As the U.S. Senate begins hearings on President Obama's nomination of Elena Kagan to the Supreme Court, it is worth noting that if the nomination is approved, it will be the first time in history that three female Justices will sit together on the Court. Kagan would also be the third Jewish member of a Court that already includes an African-American and a Latina. As diverse as this group would be, there would still be no openly gay or lesbian Justice, leaving gay people -- along with Asian Americans -- as one of the last minority groups not represented in the Court's membership.
But it is not just the high court that lacks openly gay members; it is the entire federal judiciary. Although President Obama recently nominated Edward DuMont, a gay man, to serve on the U.S. Court of Appeals for the Federal District, no openly gay man or woman has ever served on one of the intermediate federal appellate courts. This fact is significant because almost all of the nominees to the Supreme Court over the last forty years -- Elena Kagan is an exception -- have been promoted from those courts.
The absence of gay jurists at the trial level is also striking. There are currently over six hundred federal district court judges. Yet, under my count, there are only two open lesbians (both appointed by President Clinton), and no openly gay men, among them.
It is curious that at a time when there are many openly gay individuals serving in America's state legislatures, corporate boardrooms, and leading universities--and perhaps soon in the military as well -- the federal judiciary remains one of the last important institutions where gay people seem not be welcomed. We would never as a country accept a federal bench that only had two female or two African American or two Latino members. Such low numbers would be clear evidence of discrimination in the judicial appointments process. Many citizens would also properly question the legitimacy of rulings issued by such a homogeneous group of judges.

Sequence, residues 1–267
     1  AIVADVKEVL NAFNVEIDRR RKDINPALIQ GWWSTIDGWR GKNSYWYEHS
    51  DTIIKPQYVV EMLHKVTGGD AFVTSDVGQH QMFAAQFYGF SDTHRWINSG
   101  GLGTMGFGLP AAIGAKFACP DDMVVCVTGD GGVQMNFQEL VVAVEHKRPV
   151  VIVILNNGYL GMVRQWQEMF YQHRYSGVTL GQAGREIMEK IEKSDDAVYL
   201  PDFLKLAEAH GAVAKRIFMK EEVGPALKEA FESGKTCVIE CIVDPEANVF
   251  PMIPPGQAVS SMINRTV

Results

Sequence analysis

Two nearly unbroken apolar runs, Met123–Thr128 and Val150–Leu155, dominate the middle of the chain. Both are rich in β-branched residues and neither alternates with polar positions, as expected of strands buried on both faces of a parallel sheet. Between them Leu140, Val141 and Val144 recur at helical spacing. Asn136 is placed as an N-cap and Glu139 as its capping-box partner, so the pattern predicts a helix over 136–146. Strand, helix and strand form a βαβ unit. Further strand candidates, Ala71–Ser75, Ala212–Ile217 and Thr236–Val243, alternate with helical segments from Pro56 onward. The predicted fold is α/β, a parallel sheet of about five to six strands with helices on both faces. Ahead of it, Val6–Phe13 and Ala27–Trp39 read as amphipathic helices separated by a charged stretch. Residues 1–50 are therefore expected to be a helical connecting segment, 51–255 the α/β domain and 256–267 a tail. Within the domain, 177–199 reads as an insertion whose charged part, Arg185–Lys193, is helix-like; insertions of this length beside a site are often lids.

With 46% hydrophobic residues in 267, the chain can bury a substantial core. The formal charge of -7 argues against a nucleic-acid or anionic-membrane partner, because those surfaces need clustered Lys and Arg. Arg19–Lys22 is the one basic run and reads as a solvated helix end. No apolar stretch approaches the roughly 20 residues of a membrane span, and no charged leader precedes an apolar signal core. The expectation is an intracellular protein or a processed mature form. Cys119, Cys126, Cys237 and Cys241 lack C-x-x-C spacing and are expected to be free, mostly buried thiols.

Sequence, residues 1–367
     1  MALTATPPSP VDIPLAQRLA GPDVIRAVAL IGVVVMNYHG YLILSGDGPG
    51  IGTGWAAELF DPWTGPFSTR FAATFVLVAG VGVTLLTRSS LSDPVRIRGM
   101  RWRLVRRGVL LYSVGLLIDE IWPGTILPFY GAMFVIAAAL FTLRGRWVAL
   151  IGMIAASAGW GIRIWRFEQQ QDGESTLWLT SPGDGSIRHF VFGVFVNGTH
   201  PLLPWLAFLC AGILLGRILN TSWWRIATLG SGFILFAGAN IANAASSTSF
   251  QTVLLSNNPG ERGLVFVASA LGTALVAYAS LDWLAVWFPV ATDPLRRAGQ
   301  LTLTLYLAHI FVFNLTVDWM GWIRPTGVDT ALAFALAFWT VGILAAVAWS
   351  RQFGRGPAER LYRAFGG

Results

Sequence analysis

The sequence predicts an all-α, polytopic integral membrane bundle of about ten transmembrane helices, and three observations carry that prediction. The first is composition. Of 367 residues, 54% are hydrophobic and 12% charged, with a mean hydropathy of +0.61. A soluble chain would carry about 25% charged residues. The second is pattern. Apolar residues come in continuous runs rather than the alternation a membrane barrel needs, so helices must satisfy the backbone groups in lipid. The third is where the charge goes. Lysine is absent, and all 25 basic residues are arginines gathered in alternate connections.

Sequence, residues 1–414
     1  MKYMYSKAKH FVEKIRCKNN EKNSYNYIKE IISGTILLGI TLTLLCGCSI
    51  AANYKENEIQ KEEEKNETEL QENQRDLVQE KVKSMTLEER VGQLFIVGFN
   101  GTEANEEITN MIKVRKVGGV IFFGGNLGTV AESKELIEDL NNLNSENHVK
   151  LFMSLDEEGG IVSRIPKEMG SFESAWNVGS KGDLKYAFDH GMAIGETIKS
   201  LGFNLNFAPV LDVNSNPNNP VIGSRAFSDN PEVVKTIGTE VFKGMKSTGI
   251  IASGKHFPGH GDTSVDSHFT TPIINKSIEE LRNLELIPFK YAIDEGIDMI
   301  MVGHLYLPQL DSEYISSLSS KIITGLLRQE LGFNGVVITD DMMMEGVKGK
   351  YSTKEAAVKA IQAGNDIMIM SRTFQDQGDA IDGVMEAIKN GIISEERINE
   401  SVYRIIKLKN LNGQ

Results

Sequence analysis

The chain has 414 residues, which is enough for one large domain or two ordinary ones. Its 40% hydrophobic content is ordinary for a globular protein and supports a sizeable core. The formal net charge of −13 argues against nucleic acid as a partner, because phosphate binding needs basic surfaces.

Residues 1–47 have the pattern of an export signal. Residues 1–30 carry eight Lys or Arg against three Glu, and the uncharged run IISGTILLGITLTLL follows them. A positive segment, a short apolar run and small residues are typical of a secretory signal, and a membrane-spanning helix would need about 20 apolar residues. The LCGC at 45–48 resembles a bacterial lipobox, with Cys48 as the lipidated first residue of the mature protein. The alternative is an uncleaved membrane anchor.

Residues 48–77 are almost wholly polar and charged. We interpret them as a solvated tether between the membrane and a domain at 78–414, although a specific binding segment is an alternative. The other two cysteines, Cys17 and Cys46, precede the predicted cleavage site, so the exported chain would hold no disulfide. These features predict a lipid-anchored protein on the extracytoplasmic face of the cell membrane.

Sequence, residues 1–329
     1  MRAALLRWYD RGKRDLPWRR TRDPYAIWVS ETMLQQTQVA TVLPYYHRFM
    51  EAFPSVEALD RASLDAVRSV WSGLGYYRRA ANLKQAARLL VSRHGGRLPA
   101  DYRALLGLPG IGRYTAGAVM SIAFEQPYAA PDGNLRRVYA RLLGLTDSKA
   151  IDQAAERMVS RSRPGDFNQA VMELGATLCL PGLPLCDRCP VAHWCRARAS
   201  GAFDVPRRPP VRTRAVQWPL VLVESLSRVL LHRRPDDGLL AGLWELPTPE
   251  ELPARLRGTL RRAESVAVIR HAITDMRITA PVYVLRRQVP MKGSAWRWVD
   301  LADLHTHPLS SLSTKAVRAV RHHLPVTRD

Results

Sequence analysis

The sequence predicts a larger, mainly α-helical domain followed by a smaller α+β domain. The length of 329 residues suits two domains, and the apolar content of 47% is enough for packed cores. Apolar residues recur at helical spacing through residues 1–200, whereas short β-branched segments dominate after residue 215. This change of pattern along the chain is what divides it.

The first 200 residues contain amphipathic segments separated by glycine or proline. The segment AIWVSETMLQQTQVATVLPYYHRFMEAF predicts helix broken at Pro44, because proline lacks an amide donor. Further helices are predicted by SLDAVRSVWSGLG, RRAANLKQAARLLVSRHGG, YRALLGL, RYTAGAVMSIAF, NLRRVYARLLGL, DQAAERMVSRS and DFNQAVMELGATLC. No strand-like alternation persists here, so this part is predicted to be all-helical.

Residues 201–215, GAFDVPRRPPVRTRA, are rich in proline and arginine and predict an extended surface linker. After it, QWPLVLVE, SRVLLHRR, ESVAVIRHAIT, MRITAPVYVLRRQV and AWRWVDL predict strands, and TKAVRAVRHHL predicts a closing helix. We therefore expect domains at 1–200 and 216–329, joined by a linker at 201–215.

And yet, the almost complete lack of gay federal judges receives little attention, even among gay rights advocates.
This state of affairs is troubling given that the federal courts, as the primary enforcers of federal constitutional law, have traditionally played a vital role in protecting the rights of minorities in this country. It was federal judges who forced the nation to reckon with its long history of race and gender discrimination. In more recent years, it is federal judges who have grappled with the constitutionality of the bans on military service and adoption by gay people. And it is the federal judiciary that will soon determine the constitutionality of the Defense of Marriage Act and of California's constitutional amendment banning same-sex marriage.
There may be some who object to gay judges, believing that they could not be impartial in overseeing lawsuits alleging sexual orientation discrimination. But to believe that would be to also hold that a female judge could not apply the law correctly in a sex discrimination case or that a white judge could not be fair in a legal dispute alleging "reverse discrimination" against white employees. To think that gay people cannot be fair judges is to fall under the same misconceptions that make it necessary to bring discrimination claims to begin with.
We are, as a society, increasingly coming to the view that it is impermissible to deny individuals jobs because of their sexual orientation. A recent Gallup poll found that 85% of Americans believe that gay people should have equal employment opportunities. In addition, the vast majority of Fortune 500 companies have policies in place that protect lesbians and gay men from discrimination. When it comes to sexual orientation, however, the makeup of the federal judiciary remains largely impervious to change.
As the Supreme Court's composition increasingly shows, it is possible to make meaningful strides towards having a federal bench that more closely reflects the nation's diversity. But as the hearings on President Obama's latest Supreme Court nominee begin, it is important that we remind our leaders that having a diverse bench does not end with considerations of race and gender.